The mine where a dozen men died should be sufficiently vented of toxic gases in four to seven days, allowing investigators to enter for the first time since the disaster, company officials said.

International Coal Group Inc.'s chief executive defended the Sago Mine as a "safe operation" Wednesday, one day after the federal mine safety officials released documents showing that 17 of the 208 alleged safety violations at the mine in 2005 were for serious problems.

Company officials "have heard nothing in the course of all this debate about the safety violations that even remotely connects" with any possible cause of the explosion," chief executive Ben Hatfield said.

Before the explosion, the company rebuilt two miles of primary escapeway, upgraded the mine's rail transportation system and implemented employee safety training that exceeded legal requirements, Hatfield said.

The 208 violations — a number higher than normal for a mine of its size — were up from just 68 citations the year before. The mine's injury rate for employees per hours worked of 17.4 in 2005 was nearly three times higher than the national average rate of 6.54.

Dennis O'Dell, the administrator of occupational health and safety for the United Mine Workers of America, said federal officials were cracking down on mistakes made at Sago.

"I think they were trying to go in the right direction," he said. "They were writing some pretty serious violations at that mine. ... That mine was headed for closure."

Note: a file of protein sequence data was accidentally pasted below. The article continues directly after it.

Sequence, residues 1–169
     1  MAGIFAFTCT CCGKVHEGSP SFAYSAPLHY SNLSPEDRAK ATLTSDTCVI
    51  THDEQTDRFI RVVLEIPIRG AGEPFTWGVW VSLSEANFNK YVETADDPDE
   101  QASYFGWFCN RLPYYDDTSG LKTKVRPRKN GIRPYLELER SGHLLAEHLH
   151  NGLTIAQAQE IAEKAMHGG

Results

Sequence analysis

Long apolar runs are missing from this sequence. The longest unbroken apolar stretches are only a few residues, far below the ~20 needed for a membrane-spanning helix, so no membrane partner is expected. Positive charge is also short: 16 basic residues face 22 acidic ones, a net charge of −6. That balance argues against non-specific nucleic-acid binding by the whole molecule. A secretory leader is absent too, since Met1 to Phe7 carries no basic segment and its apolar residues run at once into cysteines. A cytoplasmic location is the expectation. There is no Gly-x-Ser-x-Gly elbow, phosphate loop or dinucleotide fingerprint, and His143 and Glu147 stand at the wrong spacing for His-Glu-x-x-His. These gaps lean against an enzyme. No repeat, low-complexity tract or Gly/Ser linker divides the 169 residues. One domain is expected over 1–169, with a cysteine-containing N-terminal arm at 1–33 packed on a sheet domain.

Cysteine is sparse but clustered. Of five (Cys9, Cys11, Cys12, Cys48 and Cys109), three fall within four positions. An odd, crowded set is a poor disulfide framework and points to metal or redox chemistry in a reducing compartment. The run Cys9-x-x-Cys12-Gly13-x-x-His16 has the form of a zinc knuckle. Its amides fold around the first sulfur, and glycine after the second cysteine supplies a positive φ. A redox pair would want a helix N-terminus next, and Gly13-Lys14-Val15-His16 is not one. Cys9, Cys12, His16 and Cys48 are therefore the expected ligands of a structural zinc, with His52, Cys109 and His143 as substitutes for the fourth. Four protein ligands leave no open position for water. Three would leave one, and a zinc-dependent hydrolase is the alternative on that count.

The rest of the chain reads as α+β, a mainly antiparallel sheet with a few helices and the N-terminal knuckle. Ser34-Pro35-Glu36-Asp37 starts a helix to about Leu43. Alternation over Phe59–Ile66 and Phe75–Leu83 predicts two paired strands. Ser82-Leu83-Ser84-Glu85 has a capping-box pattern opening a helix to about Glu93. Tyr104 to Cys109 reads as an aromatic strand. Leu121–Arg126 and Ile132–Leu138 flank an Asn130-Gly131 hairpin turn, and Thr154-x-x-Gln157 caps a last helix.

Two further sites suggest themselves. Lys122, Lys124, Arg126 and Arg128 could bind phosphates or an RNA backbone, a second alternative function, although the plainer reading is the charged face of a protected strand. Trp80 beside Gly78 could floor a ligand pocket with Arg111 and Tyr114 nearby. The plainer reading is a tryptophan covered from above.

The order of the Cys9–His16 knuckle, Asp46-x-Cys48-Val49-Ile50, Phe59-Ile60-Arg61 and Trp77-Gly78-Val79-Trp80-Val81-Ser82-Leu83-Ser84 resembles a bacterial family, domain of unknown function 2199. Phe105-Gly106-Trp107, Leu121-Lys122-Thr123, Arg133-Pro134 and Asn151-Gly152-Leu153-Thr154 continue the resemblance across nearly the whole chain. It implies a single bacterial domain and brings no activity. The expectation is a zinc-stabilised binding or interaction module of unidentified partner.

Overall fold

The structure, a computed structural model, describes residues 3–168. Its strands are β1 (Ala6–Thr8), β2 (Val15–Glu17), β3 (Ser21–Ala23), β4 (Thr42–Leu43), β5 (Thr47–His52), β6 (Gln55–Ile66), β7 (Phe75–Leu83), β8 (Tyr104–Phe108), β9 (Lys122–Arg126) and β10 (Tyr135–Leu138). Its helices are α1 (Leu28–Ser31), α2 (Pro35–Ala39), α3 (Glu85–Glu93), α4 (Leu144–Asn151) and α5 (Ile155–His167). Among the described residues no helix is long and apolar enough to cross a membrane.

ICG has said it inherited many of the mine's safety problems from its former owner and had been working to correct the violations. ICG formally took control of the former Anker Energy mine in November, but started work there as management consultants in June, Hatfield said.

Meanwhile, the sole survivor of the Jan. 2 explosion, Randal McCloy Jr., remained in critical condition Wednesday. Doctors don't seem concerned that the 26-year-old hasn't fully awakened yet and say it could be a lengthy, gradual process.

Officials have said the deadly explosion likely occurred in an area of the mine that was sealed in December. While in the mine, rescue workers found that the mine seals — which were to be checked weekly — had been "blown toward the surface," Ray McKinney, MSHA's administrator for coal mine safety and health, said Wednesday in Washington.

Hatfield acknowledged most of the violations came in the second half of 2005, but said that was a result of a 31 percent increase in the number of "inspection days" by MSHA officials. Robert Friend, MSHA's acting deputy assistant secretary of labor, said there was an 84 percent increase in MSHA's inspection hours at the mine from 2004 to 2005.

"We believe the high number of violations is attributable to a significant increase in enforcement standards by the MSHA inspectors that examined this mine virtually every day," Hatfield said.

Ronald Grall, a 40-year veteran of coal mining who worked at the Sago mine for four months before the accident, backed up his employer, saying safety was getting better.

"They have made vast improvements in the ventilation since I've been here," said Grall, an inspector of the mine's air intake system, escape passageways and water pumps. "This company, ICG, they really go safety first."